Massively multi-artist painting and drawing event

Screen shot of an aircraft crash taken from the popular Flight Simulator program. Image: Gizmodo

Some time ago I read of an event where a crowd of “Flight Simulator” aficionados were each provided with a remote control device that enabled them to manipulate an aeroplane that was projected onto a cinema screen. No individual had complete control of the aircraft; instead, the movement of the aircraft was determined by the averaged responses from the whole population of remote control devices. Even though 100 pilots all trying to fly the same aeroplane at the same time seems guaranteed to produce plane crash, that isn’ what happened. Instead, the crowd managed to get the aircraft to take-off, travel around, and land without a hitch.

Since reading about the Flight Simulator experiment, I’ve often thought about a similar experiment involving a program like Gimp or Inkscape. The idea would be to have many (10,000+) individuals around the world enroll to participate in producing a series of art-works. I don’t have the programming skill to write the necessary engine, but with the advent of massively multiplayer online (MMO) gaming environments, it should now be much easier to produce than it was, say, five years ago. A “massively multi artist” drawing or painting experiment could show some interesting things about collective aesthetics.

Contributors: Mark R. Diamond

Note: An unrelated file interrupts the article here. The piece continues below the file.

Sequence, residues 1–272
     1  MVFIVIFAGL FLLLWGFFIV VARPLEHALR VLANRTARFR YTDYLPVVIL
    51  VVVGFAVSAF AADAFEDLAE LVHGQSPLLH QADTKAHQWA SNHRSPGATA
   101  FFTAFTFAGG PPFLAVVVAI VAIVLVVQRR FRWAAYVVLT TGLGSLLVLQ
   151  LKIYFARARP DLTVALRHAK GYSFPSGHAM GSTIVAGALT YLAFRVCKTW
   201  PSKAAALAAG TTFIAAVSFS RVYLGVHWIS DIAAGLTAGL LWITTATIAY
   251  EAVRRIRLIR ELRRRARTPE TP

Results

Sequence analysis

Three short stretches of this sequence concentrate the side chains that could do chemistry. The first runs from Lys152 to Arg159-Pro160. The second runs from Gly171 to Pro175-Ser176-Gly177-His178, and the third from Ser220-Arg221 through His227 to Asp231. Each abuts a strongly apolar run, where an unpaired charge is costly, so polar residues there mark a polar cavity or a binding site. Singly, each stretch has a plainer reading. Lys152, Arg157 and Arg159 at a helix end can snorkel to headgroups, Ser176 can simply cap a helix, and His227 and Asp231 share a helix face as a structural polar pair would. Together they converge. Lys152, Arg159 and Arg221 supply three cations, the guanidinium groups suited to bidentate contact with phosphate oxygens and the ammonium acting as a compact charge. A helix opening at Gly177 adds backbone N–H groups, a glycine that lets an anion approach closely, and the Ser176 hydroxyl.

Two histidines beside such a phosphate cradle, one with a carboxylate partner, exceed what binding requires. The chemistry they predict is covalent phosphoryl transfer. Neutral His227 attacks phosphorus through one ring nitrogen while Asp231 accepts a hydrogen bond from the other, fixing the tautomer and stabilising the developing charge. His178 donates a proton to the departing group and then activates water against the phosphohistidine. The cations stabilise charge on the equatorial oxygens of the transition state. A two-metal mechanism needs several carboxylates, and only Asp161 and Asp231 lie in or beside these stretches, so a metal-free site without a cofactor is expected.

Can playing Tetris inoculate against post-traumatic stress disorder (PTSD)?

Tetris, the game invented in 1984 by Aleksei Pazhitnov, might have a role in preventing post-traumatic stress disorder.

Post-traumatic stress disorder is not only debilitating, it is also difficult and expensive to treat, so the prospect of being able to ‘inoculate’ people who have experienced the kind of events that can lead to PTSD is guaranteed to create some excitement in the psychological community. That is exactly what happened in January 2009 when Holmes et al. [1] published a paper in PLoS ONE that hints at the possibility of such an inoculation.

The researchers found that undergraduate students who had watched a film showing scenes of death and injury were less likely to have flashbacks of the film during the subsequent week if they had played the computer game ‘Tetris’ in the half-hour after seeing the film than if they had done nothing.

One of the hallmark features of post-traumatic stress disorder is that sufferers experience unwanted intrusive memories, or flashbacks, of the traumatic incident, often involving distressing sights, sounds or smells. Holmes et al. [1] argued that in playing Tetris people used their visuospatial capacities and that this interfered with the creation of traumatic sensory memories.

Betsy Hamilton at the School of Psychology of the University of Tasmania sought to replicate the study by Holmes et al. [1] using a similar population of undergraduate students as participated in the original study. As well as investigating the effect of playing the visuospatial game Tetris, Hamilton also investigated the prediction by Holmes et al. [1] that a performing a verbal task after viewing the film would not give the same protective effects as  playing Tetris, and that the verbal task might even worsen flashbacks. The result were somewhat unexpected!

Hamilton has kindly allowed us to publish a copy of her study here. It is available for download in PDF format.

References

[1] Holmes, E. A., James, E. L., Coode-Bate, T., Deeprose, C. (2009). Can playing the computer game “Tetris” reduce the build-up of flashbacks for trauma? A proposal from cognitive science. PLoS ONE 4(1): e4153. doi:10.1371/journal.pone.0004153.

Contributors: Mark R. Diamond, Angela O’Brien-Malone